Last week was exciting for our state as North Carolina earned a second consecutive #1 State for Business ranking. Despite this victory, we cannot become complacent or afford to leave North Carolina’s competitive future up to chance. As the rankings show, there are areas where North Carolina must improve to secure a thriving future for our state and enhance the quality of life and creation of wealth for all North Carolinians.
The Foundation’s efforts to consistently monitor and update state leaders on areas of competitiveness, publish timely reports benchmarking North Carolina to its competitors, and conduct policy research, serve a critical role in shaping the state’s future and maintaining our status as the number-one state for business.
This month’s Foundation Forecast delves into our latest number one ranking, including the tremendous strides made to get here and what’s next for the Foundation to support our state’s competitive standing.
NC Chamber Foundation
The Road to Number 1: Why North Carolina Ranked at the Top
Once again, CNBC announced that North Carolina is its Top State for Business. But why did our state outrank all others? It’s no accident or stroke of luck and it hasn’t always been this way. Ten years ago, our state did not crack the top ten in CNBC’s ranking. Getting to the top required a future-focused plan, and in 2013, business leaders charged the NC Chamber Foundation with creating a vision for North Carolina centered around three pillars of a secure future for the state: Education & Talent Supply, Competitive Business Climate, and Infrastructure and Growth Leadership.
CNBC uses 86 metrics across ten different categories to calculate its rankings. Out of these ten categories, North Carolina ranks among the top ten in the nation in six: workforce, economy, technology and innovation, access to capital, education, and business friendliness. Our success at attracting businesses and residents from all over the nation and the world has driven up two of the other measures, cost of living and business costs.
The NC Chamber Foundation is laser focused on five categories considered: workforce (the category weighted most heavily by CNBC), education, infrastructure, business friendliness and cost of doing business. The Foundation recognizes the need to continue moving forward to keep our state’s leadership position and comparative advantage where we have it and to improve those areas where we can make a difference.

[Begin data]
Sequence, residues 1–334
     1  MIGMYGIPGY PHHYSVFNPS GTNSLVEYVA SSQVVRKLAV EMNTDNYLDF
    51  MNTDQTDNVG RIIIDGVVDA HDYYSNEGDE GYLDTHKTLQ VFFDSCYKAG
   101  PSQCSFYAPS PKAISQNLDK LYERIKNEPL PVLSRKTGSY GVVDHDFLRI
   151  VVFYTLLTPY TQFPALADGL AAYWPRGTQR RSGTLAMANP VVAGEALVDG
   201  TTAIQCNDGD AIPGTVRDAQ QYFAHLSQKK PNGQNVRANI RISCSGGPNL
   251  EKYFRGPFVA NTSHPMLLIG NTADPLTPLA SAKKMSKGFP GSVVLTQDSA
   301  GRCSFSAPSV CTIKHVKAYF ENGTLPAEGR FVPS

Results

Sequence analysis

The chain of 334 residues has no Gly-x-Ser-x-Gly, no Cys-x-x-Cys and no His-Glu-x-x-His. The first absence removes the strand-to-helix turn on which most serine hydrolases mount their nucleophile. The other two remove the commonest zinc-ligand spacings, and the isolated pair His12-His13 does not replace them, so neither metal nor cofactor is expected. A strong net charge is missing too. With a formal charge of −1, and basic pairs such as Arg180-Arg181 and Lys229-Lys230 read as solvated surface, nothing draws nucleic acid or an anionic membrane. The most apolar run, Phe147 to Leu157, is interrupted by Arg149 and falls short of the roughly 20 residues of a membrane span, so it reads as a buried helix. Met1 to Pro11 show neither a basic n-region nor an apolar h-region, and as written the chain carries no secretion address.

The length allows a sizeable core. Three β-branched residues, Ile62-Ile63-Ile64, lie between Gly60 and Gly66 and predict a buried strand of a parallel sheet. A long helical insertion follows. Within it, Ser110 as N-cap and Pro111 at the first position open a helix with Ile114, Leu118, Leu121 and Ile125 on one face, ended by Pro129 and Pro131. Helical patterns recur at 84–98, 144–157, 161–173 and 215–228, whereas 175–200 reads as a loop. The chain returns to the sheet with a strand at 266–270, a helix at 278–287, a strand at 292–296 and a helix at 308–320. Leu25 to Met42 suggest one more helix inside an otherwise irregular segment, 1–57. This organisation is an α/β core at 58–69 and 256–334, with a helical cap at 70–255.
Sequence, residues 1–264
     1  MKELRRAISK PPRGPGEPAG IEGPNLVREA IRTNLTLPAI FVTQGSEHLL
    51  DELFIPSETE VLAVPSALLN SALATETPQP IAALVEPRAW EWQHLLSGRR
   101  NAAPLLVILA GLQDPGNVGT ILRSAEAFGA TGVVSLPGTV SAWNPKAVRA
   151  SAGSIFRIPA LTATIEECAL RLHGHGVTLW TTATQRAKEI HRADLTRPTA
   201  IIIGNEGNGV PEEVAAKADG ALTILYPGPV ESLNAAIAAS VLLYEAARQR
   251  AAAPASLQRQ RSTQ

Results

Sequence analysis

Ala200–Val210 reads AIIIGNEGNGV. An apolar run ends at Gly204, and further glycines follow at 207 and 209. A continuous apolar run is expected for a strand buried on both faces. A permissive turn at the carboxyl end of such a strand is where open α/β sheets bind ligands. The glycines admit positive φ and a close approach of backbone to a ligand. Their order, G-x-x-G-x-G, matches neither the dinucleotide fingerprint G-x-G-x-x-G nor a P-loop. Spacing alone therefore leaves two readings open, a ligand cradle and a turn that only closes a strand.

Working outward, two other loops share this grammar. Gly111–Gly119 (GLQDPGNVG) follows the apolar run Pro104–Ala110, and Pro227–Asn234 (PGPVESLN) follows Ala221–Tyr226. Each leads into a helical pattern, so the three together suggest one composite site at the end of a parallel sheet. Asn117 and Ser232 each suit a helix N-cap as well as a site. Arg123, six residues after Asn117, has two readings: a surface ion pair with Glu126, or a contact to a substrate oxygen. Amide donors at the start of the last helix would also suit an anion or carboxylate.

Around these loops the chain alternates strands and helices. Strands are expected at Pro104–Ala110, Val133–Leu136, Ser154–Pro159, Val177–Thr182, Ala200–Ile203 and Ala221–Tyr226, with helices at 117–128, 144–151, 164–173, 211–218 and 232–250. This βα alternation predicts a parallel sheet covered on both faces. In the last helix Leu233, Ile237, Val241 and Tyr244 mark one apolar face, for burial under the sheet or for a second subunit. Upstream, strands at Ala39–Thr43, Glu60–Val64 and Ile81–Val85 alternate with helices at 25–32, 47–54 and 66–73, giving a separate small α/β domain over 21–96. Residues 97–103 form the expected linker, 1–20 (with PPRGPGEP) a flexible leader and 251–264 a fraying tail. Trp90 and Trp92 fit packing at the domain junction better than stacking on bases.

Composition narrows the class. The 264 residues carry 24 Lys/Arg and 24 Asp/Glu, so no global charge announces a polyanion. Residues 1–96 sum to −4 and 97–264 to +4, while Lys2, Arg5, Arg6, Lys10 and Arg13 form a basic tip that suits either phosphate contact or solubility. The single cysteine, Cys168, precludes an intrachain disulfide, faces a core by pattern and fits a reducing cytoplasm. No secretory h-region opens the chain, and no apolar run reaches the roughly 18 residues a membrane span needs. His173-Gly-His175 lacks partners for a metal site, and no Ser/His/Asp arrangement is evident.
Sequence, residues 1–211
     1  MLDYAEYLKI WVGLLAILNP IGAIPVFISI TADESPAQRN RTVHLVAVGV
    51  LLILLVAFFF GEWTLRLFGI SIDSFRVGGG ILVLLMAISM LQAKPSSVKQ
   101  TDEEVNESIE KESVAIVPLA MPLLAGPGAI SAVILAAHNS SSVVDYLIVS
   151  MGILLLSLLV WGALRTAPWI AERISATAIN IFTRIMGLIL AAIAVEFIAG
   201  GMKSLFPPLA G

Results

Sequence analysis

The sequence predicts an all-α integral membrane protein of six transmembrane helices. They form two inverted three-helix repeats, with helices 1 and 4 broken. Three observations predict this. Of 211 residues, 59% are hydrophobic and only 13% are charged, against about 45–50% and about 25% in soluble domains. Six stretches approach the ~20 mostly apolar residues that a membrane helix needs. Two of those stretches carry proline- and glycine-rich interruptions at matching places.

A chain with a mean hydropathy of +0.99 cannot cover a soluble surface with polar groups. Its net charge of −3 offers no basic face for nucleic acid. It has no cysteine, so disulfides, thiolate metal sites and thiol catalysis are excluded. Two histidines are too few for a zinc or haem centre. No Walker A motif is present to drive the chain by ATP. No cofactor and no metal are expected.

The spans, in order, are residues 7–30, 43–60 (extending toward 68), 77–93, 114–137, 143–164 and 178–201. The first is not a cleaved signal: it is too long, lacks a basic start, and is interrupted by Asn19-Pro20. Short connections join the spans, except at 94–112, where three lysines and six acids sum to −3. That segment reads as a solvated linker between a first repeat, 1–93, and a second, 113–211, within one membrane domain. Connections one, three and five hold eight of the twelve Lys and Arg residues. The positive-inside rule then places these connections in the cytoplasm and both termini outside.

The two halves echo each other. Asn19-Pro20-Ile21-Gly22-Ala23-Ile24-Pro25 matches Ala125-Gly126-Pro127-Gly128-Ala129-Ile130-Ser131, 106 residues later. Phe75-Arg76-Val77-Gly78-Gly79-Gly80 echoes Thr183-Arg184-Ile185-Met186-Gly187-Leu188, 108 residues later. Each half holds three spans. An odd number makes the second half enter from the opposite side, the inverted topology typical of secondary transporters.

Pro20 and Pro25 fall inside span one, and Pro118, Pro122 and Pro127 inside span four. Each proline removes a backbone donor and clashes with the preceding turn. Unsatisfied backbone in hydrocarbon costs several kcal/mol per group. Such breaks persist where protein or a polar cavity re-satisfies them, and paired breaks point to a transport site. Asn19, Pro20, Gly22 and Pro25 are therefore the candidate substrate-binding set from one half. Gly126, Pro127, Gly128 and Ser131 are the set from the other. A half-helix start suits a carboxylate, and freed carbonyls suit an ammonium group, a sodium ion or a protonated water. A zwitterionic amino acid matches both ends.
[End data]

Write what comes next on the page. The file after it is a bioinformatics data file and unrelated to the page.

CNBC ranked North Carolina number one for workforce. However, we consistently hear from employers across industries about their need for more qualified workers. The NC Chamber Foundation has identified best practices and programs to implement in North Carolina to grow our workforce. For example, its landmark public-private partnership to tackle the health care workforce shortage. In January, we named Vincent Ginski Director of the Foundation’s Institute for Workforce Competitiveness. Building on his work in Gaston County and on the Foundation’s Talent Pipeline Management program, Ginski and the NC Chamber team is focused on opportunities to increase the quantity and improve the quality of North Carolina’s workforce, working closely with industry and education partners to ensure strengthened alignment.
North Carolina also ranked 16th in infrastructure. However, the four states closest to us in the CNBC overall rankings – Virginia, Tennessee, Georgia, and Minnesota – all ranked in the top ten in the nation in this category. Foundation-led research informed the efforts of a broad-based, NC Chamber coalition to secure more diversified and economically efficient transportation revenue models. This work resulted in legislation and financing mechanisms that provided $1.158 billion in increased transportation revenue. The Foundation is poised to build on this momentum with comprehensive, jobs-focused infrastructure policy recommendations that enhance the state’s competitiveness.
Finally, we know that the overall business atmosphere and cost of doing business are essential to job growth. Since 2013, the Foundation’s research has helped the NC Chamber successfully support provisions that give North Carolina one of the broadest-based and most competitive tax structures for business in the United States, as well as its strong regulatory ranking. The personal income tax rate has been reduced from 5.499% to 4.7%, and the corporate income tax to 2.5%. Thoughtful and prudent tax and regulatory changes gives us the stability and reliability to compete. We must not take that for granted and will continue to identify policy recommendations to ensure competitiveness across these categories.
North Carolina’s success has been made possible – and will continue to grow – through the commitment of our statewide business community with a clear vision and state leaders willing to act on it.